|Publication number||US6386766 B1|
|Application number||US 09/649,283|
|Publication date||May 14, 2002|
|Filing date||Aug 28, 2000|
|Priority date||Aug 28, 2000|
|Publication number||09649283, 649283, US 6386766 B1, US 6386766B1, US-B1-6386766, US6386766 B1, US6386766B1|
|Original Assignee||Fiberon Technologies, Inc.|
|Export Citation||BiBTeX, EndNote, RefMan|
|Patent Citations (7), Referenced by (13), Classifications (10), Legal Events (8)|
|External Links: USPTO, USPTO Assignment, Espacenet|
This invention relates to plug and receptacle connections for joining two fiber optic cables together for optical energy transmission from one to the other. More particularly, it relates to the provision of an alignment system comprising an alignment key on the plug and a key slot on the receptacle, in which the plug and the fiberoptics cable to which it is connected can be rotated in position relative to the key, the key slot and the other fiberoptics cable, until a desired rotational alignment of the two cables is achieved, and then the alignment key can be fixed in position on the plug so that in the future whenever it is inserted into the key slot the desired rotational alignment of the two cables is achieved.
When the ends of two optical cables are connected together, with their optical fibers in axial alignment, for optical energy transmission from one cable to the other, optimum results are obtained when the optical fibers of the two cables are in a particular position of rotational alignment. U.S. Pat. No. 5,181,267, granted Jan. 19, 1993, to Jeffrey T. Gerace, Alan E. Plotts and Frederick H. Abendeschein, and assigned to AMP Incorporated of Harrisburg, Pa., provides the plug component of a plug and receptacle connection with a ring mounted alignment key and provides the receptacle component with a key slot adapted to receive the alignment key. A girth groove is formed in a sidewall of the plug and a hexagonal collar is provided immediately rearwardly of the girth groove. The collar provides six flats at its periphery representing six positions of adjustment. The ring is positioned on the plug, forwardly of the girth groove. The alignment key is aligned with the key slot and then the plug and the cable to which the plug is connected are rotated relative to the ring, the alignment key, the key slot and the other optical cable. When a desired alignment is found, the plug is rotated to place the closest flat on the collar in a position to be engaged by the tab on the ring. Then, the ring is moved rearwardly into the girth groove, moving with it the tab and positioning the tab on the selected flat. The engagement of the tab and the flat holds the ring and the alignment key in a set position on the plug body. Thereafter, the plug and receptacle connection can be disconnected and then reconnected and when reconnected the alignment of the two cables is established by inserting the key into the key slot. A problem with this arrangement is that it only allows for six azimuthal positions of the key on the plug.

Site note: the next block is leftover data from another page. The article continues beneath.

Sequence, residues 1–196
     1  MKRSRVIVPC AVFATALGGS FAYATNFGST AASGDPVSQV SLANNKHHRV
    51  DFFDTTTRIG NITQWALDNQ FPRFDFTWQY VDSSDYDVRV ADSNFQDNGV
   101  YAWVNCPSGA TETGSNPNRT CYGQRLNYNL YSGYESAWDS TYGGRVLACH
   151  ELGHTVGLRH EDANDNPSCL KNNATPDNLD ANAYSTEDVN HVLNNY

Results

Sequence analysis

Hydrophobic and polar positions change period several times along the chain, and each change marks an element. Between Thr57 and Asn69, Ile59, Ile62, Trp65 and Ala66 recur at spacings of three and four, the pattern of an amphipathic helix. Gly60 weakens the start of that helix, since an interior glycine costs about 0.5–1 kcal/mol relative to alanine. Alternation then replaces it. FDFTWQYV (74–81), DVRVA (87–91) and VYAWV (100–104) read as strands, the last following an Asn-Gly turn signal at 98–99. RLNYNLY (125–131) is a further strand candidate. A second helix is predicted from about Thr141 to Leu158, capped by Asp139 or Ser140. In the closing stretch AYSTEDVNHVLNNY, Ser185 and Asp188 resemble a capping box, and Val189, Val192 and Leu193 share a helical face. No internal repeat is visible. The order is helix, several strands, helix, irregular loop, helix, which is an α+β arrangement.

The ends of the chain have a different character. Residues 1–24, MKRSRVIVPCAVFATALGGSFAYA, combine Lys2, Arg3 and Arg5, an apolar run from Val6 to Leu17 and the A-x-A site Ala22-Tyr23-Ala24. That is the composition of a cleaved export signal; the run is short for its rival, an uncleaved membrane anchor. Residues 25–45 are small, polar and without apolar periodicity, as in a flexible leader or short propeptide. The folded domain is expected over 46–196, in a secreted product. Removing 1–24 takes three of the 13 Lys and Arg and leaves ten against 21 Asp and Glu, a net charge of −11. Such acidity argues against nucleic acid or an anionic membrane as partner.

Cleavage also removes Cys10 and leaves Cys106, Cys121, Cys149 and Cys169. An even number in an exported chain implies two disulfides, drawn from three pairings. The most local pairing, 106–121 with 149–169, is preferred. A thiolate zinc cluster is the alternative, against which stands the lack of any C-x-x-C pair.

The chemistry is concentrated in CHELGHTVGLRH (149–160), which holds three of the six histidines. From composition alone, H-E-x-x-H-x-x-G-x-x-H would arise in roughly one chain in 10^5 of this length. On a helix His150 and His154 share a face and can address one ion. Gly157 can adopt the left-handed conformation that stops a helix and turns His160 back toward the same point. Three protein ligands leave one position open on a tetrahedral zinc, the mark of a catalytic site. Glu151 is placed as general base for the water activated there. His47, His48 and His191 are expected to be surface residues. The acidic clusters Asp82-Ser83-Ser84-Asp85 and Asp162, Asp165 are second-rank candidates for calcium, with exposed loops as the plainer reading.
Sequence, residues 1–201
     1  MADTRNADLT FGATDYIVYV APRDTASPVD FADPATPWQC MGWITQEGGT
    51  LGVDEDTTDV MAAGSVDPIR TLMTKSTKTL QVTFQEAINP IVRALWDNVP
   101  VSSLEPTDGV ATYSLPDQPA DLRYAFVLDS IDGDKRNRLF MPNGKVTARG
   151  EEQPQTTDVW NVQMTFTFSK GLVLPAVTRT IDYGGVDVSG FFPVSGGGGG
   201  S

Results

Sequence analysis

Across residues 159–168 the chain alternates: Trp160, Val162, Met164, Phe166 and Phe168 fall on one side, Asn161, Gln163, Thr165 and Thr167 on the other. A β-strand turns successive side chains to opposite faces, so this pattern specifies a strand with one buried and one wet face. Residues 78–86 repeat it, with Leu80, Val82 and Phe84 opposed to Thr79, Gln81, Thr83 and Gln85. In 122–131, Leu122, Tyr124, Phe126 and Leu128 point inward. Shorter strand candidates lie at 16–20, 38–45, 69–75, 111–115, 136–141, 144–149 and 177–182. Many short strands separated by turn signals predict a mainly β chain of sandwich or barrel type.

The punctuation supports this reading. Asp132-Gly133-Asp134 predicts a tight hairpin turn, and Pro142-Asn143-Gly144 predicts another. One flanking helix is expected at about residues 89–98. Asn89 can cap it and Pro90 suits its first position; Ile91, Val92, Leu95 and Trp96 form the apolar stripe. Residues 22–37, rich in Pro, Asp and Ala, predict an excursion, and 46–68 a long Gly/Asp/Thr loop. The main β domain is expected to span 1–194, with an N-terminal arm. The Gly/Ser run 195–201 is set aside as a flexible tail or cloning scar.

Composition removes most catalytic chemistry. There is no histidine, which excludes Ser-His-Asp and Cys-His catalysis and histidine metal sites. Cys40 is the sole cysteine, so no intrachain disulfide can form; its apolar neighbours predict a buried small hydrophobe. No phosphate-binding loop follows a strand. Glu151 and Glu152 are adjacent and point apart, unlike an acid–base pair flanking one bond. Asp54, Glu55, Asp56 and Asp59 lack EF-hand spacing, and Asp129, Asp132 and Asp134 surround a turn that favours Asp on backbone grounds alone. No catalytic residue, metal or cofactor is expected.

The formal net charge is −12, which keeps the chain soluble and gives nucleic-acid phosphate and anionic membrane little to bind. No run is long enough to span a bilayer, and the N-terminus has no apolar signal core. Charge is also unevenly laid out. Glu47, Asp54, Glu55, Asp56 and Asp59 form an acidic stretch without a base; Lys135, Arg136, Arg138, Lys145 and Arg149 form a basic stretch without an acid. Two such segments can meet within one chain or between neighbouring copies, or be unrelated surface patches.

An object of the present invention is to provide a polarizing ring with an alignment key in which the ring can be positioned in an infinite number of azimuthal positions around the body of the plug.